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Today's results ...

Posted by Dave Bull on June 27, 2011 [Permalink]

Not a lot to talk about today (much!) ... just a couple of little snapshots should do for now!





Added by: Dale on June 27, 2011, 10:48 pm

Nice little bench! Could you share the dimensions with us, particularly the angle of the slanted top. The small shelf in front would be for ink/pigment, etc.? I like the offset of the top too - less chance for the slanted top to bend under printing pressure

It looks like your new printers are going to have a 'happy' workspace.

Added by: Marc Kahn on June 27, 2011, 11:23 pm

Ahh! The Mokuhankan atelier, early stages. First apprentice printer.

There's a story here. I know that much. Do tell...

Added by: Dave on June 28, 2011, 12:11 am

The angle of the slanted top ...

Actually, I have no particular way to measure the top angle very accurately. I built it so that the angle matches the slope of one's legs as you sit/kneel on the stool. I'm thinking that in use it will pull forward to 'snug up' against the waist ...

The traditional setup is like this:

... but there is no way that anybody starting this job wants to sit that way nowadays. And as for the other common option - standing at a table/bench:

... although it works for Numabe-san - as you can see in that photo - when I have tried this, I have found it uncomfortable to be working while looking 'downwards', not to mention that is difficult to work out an angle that doesn't bring wrist pain.

So ... we'll give this little setup a try. All very experimental ...

Do tell ...

I was going to do that tomorrow evening, after we're done with our first day. With pictures (if they aren't too shy for it ...). The 'story', such as it is, began a couple of weeks ago, when I was getting my hair cut at a place down the street (a woman who has a little barber/beauty shop in her home ...). She feels it her 'duty' to engage her clients in conversation of course, and I guess I bent her ear about the 'problems' I was having with getting the Mokuhankan thing pushed forward. Maybe that was the day I got those crummy prints returned in the post from that Tokyo printer, I'm not exactly sure.

Anyway, more tomorrow ... (And I'm not sure about the webcam. I rather suspect that on somebody's first day, they're not going to be so enthusiastic about having the workshop broadcast 'live' around the world, so please hang on a bit for that ...)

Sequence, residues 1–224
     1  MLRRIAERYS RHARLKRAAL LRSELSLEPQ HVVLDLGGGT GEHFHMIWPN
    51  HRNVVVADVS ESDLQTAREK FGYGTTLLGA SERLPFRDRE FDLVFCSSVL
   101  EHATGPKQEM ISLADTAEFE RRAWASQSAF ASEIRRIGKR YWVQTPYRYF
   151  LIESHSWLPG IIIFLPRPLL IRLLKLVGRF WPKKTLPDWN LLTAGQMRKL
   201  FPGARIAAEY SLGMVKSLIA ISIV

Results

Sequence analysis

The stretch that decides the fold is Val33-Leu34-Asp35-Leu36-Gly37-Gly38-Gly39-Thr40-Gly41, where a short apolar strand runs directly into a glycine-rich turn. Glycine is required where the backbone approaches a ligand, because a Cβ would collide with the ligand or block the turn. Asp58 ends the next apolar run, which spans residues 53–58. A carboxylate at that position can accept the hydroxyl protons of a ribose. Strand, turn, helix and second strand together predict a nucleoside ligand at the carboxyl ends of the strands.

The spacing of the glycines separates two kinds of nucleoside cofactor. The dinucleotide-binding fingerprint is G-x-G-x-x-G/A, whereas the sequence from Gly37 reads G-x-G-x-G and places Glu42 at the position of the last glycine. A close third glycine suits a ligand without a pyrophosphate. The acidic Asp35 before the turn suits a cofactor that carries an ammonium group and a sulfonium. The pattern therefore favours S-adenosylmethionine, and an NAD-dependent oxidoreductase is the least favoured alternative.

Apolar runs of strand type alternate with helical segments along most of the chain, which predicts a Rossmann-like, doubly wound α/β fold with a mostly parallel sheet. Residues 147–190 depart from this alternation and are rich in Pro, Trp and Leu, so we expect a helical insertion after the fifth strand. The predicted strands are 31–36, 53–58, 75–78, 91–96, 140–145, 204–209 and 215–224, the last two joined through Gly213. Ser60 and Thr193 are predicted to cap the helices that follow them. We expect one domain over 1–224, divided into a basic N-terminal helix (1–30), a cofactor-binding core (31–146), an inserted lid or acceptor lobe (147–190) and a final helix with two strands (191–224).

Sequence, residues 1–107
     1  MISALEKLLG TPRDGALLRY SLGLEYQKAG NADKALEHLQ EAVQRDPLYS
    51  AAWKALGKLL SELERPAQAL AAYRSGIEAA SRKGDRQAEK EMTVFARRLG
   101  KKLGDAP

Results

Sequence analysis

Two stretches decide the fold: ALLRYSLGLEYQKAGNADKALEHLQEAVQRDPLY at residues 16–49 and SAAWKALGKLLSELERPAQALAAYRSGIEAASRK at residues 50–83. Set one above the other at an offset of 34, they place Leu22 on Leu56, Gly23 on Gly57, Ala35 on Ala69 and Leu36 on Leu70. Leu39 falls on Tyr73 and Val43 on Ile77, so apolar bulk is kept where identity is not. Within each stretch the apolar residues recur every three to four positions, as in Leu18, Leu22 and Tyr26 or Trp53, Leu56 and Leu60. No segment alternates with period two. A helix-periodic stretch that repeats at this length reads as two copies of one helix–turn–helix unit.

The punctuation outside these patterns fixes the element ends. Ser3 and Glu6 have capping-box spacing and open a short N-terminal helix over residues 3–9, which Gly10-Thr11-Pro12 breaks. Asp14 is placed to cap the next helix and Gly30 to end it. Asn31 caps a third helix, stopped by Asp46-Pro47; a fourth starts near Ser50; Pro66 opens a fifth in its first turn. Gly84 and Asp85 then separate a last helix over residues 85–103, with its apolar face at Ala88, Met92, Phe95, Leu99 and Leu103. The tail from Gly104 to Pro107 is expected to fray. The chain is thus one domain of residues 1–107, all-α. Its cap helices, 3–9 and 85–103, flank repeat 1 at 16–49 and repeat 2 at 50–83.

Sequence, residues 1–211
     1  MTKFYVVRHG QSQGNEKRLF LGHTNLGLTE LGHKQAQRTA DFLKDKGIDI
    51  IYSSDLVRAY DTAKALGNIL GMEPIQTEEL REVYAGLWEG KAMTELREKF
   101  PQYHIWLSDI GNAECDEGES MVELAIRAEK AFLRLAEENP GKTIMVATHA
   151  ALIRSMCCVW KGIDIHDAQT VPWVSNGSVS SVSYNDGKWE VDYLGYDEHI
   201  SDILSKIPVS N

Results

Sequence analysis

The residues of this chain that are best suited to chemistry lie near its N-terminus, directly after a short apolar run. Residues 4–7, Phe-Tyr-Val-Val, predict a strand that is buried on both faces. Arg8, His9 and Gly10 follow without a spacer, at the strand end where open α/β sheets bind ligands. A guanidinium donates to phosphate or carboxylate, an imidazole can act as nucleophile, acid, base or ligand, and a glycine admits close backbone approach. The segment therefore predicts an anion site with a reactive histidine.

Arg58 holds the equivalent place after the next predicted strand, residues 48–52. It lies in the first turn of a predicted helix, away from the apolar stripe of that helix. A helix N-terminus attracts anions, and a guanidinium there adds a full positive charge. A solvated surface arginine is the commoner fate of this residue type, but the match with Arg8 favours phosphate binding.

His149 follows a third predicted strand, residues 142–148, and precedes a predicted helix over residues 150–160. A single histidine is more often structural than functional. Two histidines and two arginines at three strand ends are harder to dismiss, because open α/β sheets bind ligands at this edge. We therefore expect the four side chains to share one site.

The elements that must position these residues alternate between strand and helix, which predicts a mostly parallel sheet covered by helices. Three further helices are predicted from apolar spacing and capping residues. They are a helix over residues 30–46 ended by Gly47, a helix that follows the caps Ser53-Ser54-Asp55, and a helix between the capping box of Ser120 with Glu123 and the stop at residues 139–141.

Added by: Tom Kristensen on June 28, 2011, 8:52 am

The bench looks neat, but the seat is something else all together! Is this standard issue office furniture in Japan? I used to print sitting at my bench, but I found that the static pose made my unused shoulder sore. Now I stand up to print and I put my paper stack a couple of steps away on another bench. It slows things down, but I find that moving around while printing is much more comfortable. I guess my skeleton was not trained early enough to sit and print all day long.

Added by: Dave on June 28, 2011, 9:35 am

The 'kneeling' chair? I have no sense that this is something particularly 'Japanese'; I would guess the idea is imported ...

This one was left behind here in the workshop by Slav, a Ukranian friend who came here to 'work' for a bit a few years back. I have never used it for printing, but parked it in front of the workshop computer, and am now quite used to it. It gives a very nice 'falling forward' feeling, which is exactly what we want for printing.

(Workshop cleaning is now done for the morning, and the new bench is ready for its first test run, when the new 'team' members arrive in an hour or so ...)

Added by: Mark Mason on June 29, 2011, 12:01 am

The chair is an ergonomic office chair. They're quite widely available, certainly in the UK, and are used to improve posture when sitting as it keeps your back straight. I used to have one which was on castors.

I can't recall why I got rid of it, though. I think I managed to develop a new way to slouch on it over the years which was worse than sitting on an ordinary chair.

Added by: Margaret on July 7, 2011, 7:34 am

I, too, would appreciate knowing the dimensions--I'd love to make one for myself!


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